Our voice of business this month is:
Professor James Tooley, Vice-Chancellor of The University of Buckingham
Since its inception, the University of Buckingham has always been at the forefront of innovation, so its response to lockdowns and post-lockdown has been characteristic of its entrepreneurialism. Nearly 50 years ago, the pioneers who created the University College of Buckingham, as it was then, noted that some students were unhappy that universities closed their doors for three months in the summer. So they created the first ever two-year degrees.
With an extra term during the summer months, the University was able to condense the time required to fulfil degree requirements, without students missing out on any teaching time. The regulatory body, however, insisted that degrees were for three years not two, and refused to recognise our output. Undeterred, the University negotiated with professional associations and other universities to recognise our “licenses” as equivalent to degrees. It worked, with our graduates gaining access to the professions and higher degree opportunities elsewhere. Eventually we got our Royal Charter in 1983, and with it full degree-awarding powers in perpetuity.
This innovative streak has continued, with the University of Buckingham’s first private Medical School to open for a hundred years or more. When the first lockdown was announced at the end of March 2020 and it became clear that face-to-face teaching and learning was no longer possible, we had two weeks to move all of our teaching online before the Spring Term started in April. It turned out that our signature small-group tutorials lent themselves relatively well to Teams and Zoom. Initially we also simply transferred our lectures across to online delivery. But this was less than satisfactory. It was much harder to engage students for a one hour – or sometimes longer – lecture online than in person. So we experimented with different approaches and came up with several new models, including delivering the content in 15-minute bite-size chunks, with online quizzes and polls to check understanding before proceeding.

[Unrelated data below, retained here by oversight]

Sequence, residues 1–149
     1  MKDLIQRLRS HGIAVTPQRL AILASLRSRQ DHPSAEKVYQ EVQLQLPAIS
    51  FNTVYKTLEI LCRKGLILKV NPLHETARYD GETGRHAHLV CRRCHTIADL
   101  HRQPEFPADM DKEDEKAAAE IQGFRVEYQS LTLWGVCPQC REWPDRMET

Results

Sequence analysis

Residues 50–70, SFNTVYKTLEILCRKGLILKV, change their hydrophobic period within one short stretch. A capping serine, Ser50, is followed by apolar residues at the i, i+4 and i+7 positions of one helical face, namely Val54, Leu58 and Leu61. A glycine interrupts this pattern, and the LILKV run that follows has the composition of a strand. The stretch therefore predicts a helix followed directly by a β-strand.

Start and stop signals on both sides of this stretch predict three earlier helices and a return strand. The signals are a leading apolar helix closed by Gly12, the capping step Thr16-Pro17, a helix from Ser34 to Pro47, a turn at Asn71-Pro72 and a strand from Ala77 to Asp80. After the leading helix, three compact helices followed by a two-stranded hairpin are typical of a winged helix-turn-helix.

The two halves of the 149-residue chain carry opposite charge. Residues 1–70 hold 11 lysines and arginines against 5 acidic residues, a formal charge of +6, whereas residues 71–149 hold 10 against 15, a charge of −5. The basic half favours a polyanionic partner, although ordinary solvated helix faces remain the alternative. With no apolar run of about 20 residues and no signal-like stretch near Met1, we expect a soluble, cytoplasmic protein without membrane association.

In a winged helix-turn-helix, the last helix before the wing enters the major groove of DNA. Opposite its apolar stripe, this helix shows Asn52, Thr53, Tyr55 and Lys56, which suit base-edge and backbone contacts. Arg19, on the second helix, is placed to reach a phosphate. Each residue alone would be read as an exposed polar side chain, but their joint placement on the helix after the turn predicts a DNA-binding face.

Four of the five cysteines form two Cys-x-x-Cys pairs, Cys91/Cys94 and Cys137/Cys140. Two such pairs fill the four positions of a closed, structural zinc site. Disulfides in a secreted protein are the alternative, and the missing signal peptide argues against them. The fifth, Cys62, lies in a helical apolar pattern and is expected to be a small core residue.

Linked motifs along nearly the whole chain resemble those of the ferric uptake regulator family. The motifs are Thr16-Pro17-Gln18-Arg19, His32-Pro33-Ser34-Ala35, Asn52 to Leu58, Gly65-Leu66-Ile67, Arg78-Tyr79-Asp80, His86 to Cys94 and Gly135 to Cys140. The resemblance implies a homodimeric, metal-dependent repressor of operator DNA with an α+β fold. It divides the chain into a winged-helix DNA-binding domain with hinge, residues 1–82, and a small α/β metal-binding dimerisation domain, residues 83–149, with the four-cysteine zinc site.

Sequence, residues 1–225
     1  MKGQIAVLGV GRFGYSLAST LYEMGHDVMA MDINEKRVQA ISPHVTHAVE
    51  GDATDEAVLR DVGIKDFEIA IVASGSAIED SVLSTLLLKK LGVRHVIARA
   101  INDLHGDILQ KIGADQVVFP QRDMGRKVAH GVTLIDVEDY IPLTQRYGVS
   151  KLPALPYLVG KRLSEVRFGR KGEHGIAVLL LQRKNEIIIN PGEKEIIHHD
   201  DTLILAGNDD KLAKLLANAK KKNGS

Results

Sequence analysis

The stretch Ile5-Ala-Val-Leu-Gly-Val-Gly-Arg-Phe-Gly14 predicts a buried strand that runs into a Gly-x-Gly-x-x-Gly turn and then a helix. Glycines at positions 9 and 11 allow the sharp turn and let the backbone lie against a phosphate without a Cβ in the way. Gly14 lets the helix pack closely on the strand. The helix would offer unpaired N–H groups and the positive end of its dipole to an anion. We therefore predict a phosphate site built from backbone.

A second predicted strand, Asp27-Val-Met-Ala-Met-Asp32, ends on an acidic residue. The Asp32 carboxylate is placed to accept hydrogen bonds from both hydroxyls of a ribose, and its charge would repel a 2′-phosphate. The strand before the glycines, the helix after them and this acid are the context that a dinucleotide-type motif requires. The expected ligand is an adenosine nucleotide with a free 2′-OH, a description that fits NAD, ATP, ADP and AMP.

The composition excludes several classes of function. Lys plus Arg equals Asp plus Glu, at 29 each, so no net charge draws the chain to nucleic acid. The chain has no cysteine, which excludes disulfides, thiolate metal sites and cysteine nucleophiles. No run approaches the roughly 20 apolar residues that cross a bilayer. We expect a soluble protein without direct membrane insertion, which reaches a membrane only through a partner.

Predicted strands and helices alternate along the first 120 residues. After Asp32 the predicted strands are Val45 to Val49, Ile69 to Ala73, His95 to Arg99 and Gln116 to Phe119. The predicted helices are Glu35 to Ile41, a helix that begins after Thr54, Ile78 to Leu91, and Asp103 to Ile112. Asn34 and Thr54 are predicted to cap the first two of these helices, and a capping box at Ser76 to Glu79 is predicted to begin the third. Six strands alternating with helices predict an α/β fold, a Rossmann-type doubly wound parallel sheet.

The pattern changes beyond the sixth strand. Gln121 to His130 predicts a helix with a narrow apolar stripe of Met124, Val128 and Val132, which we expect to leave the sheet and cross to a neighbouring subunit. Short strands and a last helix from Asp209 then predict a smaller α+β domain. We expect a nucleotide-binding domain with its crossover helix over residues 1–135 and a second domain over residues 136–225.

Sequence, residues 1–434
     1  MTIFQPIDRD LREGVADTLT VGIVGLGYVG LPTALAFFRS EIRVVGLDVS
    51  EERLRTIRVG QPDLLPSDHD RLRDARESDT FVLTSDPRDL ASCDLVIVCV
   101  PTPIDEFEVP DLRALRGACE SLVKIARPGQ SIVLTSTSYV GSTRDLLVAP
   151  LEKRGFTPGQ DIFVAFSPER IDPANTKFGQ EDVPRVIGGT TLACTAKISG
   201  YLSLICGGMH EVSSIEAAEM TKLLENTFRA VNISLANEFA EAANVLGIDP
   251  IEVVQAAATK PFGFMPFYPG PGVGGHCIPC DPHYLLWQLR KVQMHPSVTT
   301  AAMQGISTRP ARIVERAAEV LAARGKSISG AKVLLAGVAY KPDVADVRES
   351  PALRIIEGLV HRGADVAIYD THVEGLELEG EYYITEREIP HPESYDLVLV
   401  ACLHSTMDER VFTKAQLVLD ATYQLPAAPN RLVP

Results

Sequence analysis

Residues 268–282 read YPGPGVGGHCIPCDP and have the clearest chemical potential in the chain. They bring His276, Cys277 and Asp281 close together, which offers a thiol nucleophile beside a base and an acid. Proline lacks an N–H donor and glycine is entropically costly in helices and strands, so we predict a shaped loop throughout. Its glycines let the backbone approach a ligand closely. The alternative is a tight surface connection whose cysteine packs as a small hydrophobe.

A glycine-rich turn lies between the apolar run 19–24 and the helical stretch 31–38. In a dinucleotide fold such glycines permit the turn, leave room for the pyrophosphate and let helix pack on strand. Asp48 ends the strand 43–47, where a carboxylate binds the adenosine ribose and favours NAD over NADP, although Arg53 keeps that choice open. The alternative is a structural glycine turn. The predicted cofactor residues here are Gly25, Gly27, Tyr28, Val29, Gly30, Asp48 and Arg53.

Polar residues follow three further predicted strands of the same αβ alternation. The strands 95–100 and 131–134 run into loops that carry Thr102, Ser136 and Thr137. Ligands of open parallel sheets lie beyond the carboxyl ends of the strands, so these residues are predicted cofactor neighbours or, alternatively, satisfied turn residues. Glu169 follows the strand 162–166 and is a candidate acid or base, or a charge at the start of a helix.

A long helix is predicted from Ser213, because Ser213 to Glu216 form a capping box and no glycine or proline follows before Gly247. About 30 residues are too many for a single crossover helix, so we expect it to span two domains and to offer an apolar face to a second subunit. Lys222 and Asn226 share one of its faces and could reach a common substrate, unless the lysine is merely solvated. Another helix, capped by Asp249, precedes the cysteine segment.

Many of the University’s academics feel that the potential of online delivery has been a silver lining to lockdown’s clouds. There is enthusiasm for hybrid online/face-to-face models of learning once the current crisis is over, and for exploring new markets for entirely online learning.
I am not entirely convinced. A lot depends, of course, on what governments, here and overseas, do next. If lockdowns really do come to an end on June 21st here in the UK, and other countries follow suit soon after, it may be that the most innovative and entrepreneurial thing that the University of Buckingham can do is to return to fully face-to-face teaching and learning as quickly as possible: I am writing from my office at the University of Buckingham where, very unusually, several people came in for face-to-face meetings today. The experience is entirely different – and so much better – than the online meetings we’ve all grown accustomed to. For students too, the buzz and energy, excitement even, of engaging with real people in a physical room may completely outweigh any of the acknowledged benefits of online learning. A university that moves as quickly as possible to embrace this possibility may be the one that is considered most in tune with the times when we come to judge how higher education fared during this crisis.